How money is laundered by Mexican drug cartels as part of alleged “Black market peso scheme.” Photo credit, Mexico Institute via WordPress.
How money is laundered by Mexican drug cartels as part of alleged “Black market peso scheme.” Photo credit, Mexico Institute via WordPress.

Hundreds of federal agents swarmed through a Southern California Fashion District Wednesday, arresting nine people and seizing $65 million as part of a crackdown on what prosecutors called a sophisticated operation to launder money for Mexican drug cartels.

The operation , which included 1,000 law enforcement officials, was linked to the release of a U.S. citizen who was kidnapped and tortured in Mexico by the Sinaloa drug cartel, officials said.

During the raids, authorities seized $65 million, some in U.S. currency, and some from around the world, prosecutors said.

Federal prosecutors said the business targeted in the raid was not the only Los Angeles Fashion District store being used to launder money from drug traffickers and other offenders.

Officials called the laundering ring a “Black Market Peso Exchange” scheme. The raids coincided with the unsealing of three federal indictments, one of which alleged a business was laundering ransom payments for the kidnapping victim.

Authorities are trying to counter a Southern California culture that “has become the epicenter of narco-dollar money laundering with couriers regularly bringing duffel bags and suitcases full of cash to many businesses,” according to Assistant U.S. Attorney Robert E. Dugdale.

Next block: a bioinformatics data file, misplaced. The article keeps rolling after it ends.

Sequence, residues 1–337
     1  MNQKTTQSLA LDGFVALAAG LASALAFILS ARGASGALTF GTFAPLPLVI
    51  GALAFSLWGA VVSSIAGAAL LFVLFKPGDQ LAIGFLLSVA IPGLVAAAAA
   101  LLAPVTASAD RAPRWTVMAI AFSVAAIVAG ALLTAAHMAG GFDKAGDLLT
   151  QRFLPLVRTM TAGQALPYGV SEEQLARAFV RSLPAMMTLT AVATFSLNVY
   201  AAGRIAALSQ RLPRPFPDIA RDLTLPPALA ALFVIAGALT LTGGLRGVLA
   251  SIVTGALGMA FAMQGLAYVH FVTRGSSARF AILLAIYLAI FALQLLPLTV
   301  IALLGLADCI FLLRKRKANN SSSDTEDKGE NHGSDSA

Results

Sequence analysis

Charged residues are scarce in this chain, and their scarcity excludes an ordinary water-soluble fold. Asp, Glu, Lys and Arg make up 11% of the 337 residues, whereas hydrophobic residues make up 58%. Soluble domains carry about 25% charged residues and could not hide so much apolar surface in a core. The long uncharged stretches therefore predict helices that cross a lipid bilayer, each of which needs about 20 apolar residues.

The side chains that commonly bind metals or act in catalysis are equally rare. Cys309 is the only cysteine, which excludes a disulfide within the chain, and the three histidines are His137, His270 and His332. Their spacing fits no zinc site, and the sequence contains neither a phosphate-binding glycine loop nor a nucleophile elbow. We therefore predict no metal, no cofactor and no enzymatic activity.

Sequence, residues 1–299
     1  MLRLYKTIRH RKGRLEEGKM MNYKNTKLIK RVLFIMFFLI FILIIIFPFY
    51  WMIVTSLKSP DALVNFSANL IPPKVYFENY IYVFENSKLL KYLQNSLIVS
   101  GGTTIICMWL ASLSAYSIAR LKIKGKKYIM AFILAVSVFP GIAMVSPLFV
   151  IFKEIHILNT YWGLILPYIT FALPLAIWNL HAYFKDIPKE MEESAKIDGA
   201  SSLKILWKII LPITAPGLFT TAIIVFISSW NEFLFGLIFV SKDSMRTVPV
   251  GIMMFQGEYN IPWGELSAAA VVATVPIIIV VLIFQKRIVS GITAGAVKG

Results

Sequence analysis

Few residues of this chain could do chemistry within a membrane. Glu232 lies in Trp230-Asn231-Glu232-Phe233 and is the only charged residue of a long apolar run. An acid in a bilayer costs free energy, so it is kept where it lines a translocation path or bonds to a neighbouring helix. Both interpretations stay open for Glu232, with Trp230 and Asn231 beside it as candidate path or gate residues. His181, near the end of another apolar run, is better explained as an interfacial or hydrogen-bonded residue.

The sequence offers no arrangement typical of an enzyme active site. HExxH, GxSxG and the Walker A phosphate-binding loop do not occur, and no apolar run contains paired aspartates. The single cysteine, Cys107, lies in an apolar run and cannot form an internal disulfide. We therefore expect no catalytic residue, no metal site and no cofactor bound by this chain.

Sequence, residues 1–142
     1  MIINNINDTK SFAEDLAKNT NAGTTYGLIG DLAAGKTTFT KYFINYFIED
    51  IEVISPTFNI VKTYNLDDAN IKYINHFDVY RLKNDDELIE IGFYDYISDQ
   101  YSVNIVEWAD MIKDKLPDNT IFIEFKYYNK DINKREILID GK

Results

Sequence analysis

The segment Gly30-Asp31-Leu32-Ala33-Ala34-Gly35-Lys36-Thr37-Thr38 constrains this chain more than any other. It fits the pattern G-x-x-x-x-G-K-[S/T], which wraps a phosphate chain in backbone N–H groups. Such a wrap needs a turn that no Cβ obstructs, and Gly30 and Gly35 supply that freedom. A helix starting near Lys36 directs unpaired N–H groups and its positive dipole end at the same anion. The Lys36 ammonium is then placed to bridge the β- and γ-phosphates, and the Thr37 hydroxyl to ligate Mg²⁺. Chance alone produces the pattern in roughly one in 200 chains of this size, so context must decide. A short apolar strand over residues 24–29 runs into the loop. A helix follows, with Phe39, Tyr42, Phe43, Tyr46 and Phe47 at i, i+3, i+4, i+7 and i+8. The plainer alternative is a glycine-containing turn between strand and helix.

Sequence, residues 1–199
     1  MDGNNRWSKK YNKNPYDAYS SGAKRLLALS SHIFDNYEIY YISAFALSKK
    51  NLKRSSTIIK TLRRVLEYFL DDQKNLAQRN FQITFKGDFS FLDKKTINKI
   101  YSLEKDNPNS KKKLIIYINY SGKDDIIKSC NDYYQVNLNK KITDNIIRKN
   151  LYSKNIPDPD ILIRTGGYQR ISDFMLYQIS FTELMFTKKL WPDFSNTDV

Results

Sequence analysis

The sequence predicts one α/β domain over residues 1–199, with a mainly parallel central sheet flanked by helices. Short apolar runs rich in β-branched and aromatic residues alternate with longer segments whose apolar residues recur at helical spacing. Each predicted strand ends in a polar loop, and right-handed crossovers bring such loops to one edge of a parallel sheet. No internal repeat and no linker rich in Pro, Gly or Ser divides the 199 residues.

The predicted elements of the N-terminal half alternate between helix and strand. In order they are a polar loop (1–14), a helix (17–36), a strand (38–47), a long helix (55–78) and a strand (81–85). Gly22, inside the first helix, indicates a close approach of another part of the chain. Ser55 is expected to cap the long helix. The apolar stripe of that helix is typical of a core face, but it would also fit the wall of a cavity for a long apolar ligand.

According to the indictment, QT Fashion accepted bulk amounts of cash and funneled it through 17 other Fashion District businesses at the direction of a Mexico-based business called Maria Ferre S.A. de C.V.

The $140,000 in ransom was paid by relatives of a U.S. citizen who was kidnapped by the Sinaloa cartel after U.S. authorities seized more than 100 kilograms of cocaine the man had been responsible for distributing. The man was taken to a ranch in Mexico, where he was beaten, shot, electrocuted and water-boarded, according to federal prosecutors.

The man was released after the ransom was paid, officials said.

Andrew Jong Hack Park, 56, Sang Jun Park, 36, and Jose Isabel Gomez Arreoloa, 49, were arrested in connection with the QT Fashion case. Three other defendants named in the indictment, all in Mexico, remain at large.

A father, his son and daugher were named in a second indictment accusing them of money laundering through businesses called Yili Underwear and Gayima Underwear. Two were taken into custody.

Four people, including two brothers, connected to a business called Pacific Eurotex Corp. were named in a third indictment, accusing them of money-laundering.